And when the ringmaster calls our names
We’ll be the first ones to go… to sleep

Stealing all our dreams
Dreams for sale
They sell ’em back to you

On with the show
Start the parade
We sang along
Sweep us away

It’s political party time
Going down, going down
And the celebrities all come out
Coming down, coming down, coming…

The sun is going down
And the dogs are starting to howl
We stay out after dark
Eating cotton candy
And the music’s playing…

How we all laughed!
We split our sides
The cameras flashed
We almost died!

The rain’s gonna pour on down, falling out of the sky
Coming down, coming down
And the celebrities all run out, and the rain’s
Coming down, coming down

Gonna rain,
Gonna rain, gonna rain
Gonna rain, gonna rain,
Rain, rain
Rain, rain

And now I wonder who’s boss
And who he’s leavin’ behind?

Talking Heads: The Democratic Circus

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Nov 2010

Eno interview with Dick Flash of Pork Magazine

A couple of days ago, Brian Eno released a new album, Small Craft on a Milk Sea. I’ve not actually heard it yet, but the three preview tracks available on his website are excellent and the reviews I’ve read have been very favourable indeed. I’ve got pretty much everything he’s released, including the various mail-order-only stuff, and he’s never really disappointed. So when people start talking about this being his “best album in years”, it’s obviously quite exciting.

To coincide with the album’s release, Eno agreed to an interview with Dick Flash of ‘Pork’ magazine. It’s well worth a watch…

Amazing limp…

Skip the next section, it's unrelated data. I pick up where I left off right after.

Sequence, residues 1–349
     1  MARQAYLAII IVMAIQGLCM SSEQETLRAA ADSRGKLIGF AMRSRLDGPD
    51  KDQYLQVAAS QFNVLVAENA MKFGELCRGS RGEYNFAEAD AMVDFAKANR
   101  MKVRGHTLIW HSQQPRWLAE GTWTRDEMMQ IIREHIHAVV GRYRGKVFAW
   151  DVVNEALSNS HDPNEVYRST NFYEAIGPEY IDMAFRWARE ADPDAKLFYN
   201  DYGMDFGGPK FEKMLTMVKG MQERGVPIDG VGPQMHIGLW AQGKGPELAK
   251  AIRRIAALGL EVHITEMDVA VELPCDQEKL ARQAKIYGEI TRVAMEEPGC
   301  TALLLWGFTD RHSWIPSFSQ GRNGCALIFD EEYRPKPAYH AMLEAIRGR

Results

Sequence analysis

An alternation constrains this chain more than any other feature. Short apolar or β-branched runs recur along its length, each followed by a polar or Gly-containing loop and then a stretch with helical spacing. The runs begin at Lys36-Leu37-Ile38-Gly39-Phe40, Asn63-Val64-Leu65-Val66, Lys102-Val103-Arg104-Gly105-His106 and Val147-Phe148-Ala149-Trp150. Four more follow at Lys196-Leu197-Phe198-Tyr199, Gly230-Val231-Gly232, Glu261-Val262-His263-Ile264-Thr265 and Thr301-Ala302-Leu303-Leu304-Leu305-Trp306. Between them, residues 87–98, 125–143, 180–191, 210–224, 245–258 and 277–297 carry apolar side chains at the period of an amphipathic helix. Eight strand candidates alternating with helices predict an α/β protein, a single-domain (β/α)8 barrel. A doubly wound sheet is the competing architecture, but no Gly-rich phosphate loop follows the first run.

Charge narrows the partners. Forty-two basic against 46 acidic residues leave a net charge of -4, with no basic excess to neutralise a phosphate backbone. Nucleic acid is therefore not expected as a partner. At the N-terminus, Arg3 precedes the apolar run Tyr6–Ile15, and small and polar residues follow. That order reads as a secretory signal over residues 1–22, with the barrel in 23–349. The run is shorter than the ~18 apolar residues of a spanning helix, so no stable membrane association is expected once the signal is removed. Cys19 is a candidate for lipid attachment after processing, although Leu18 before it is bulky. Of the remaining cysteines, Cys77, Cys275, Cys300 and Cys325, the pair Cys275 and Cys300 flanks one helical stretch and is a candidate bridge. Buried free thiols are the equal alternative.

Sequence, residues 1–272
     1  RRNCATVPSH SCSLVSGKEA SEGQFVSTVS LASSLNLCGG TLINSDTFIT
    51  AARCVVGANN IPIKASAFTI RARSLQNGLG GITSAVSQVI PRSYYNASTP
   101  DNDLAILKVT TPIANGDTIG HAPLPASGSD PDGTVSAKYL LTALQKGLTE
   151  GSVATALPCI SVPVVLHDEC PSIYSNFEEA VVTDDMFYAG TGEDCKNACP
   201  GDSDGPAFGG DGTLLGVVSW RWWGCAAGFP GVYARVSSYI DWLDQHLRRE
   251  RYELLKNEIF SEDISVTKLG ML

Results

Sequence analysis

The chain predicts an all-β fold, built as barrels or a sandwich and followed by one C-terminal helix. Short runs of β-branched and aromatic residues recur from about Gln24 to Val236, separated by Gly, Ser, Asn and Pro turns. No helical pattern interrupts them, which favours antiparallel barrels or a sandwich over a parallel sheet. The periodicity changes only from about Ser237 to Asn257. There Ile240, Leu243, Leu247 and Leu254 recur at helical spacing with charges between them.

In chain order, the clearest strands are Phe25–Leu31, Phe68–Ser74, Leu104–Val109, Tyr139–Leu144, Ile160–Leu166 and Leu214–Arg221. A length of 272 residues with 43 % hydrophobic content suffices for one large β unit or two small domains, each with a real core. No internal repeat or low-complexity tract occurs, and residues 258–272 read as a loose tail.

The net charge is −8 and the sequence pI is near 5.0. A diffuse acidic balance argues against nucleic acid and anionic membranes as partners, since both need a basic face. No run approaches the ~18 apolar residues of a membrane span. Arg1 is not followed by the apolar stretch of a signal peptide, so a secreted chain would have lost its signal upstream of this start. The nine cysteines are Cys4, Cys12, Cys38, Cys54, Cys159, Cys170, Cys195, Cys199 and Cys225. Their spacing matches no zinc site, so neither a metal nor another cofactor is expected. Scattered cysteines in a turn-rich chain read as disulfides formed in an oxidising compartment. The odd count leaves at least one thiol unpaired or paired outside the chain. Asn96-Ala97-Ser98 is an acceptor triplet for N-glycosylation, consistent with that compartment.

11 comments  |  Posted in: Media » Video

Aug 2010

… and the Tree of Nothing

I’m terribly busy at the moment, and I won’t be around very much over the next three weeks. I’m off down to Cork for a few days (my sister is getting married) and then I’m heading over to Serbia for a couple of weeks.

Anyways, while I’ll try to pop in here now and then and post something during my travels, they’ll most likely be flying visits. Links to interesting stuff, or the inevitable embedded YouTube vid.

Of which this is one. It’s a YouTube vid of a stand-up comedy clip. Makes a change from a music video, I suppose.

By and large very few stand-up comedians interest me. For me, Bill Hicks set the bar so high that most stand-up just sounds hollow and lifeless now. There are exceptions of course, and of those, Stewart Lee is probably the finest. He treads that line between social commentary and funny weirdness that’s so very hard to sustain. And it’s to his great credit that he manages it.

This is a clip from the first episode of his most recent TV show (Stewart Lee’s Comedy Vehicle) wherein he expresses his position on the Harry Potter books. The final line, and the way it’s delivered, made me laugh out loud.

8 comments  |  Posted in: Media » Video

Aug 2010

Something for the weekend

Can’t go wrong with a bit of Christy Moore. Ireland’s finest folk singer (which is saying something). Always righteous, always passionate. This particular song was written by Shane McGowan and while I love The Pogues, I think the simple voice and guitar treatment suits Aisling better than their full band version. Enjoy.

Christy Moore

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Aug 2010

Incredible Justin Bieber track

I know nothing at all about Justin Bieber except that he’s a teen idol-type pop singer whose adoring 13-year old fans have used social networking sites like Facebook and Twitter to turn him into a worldwide star.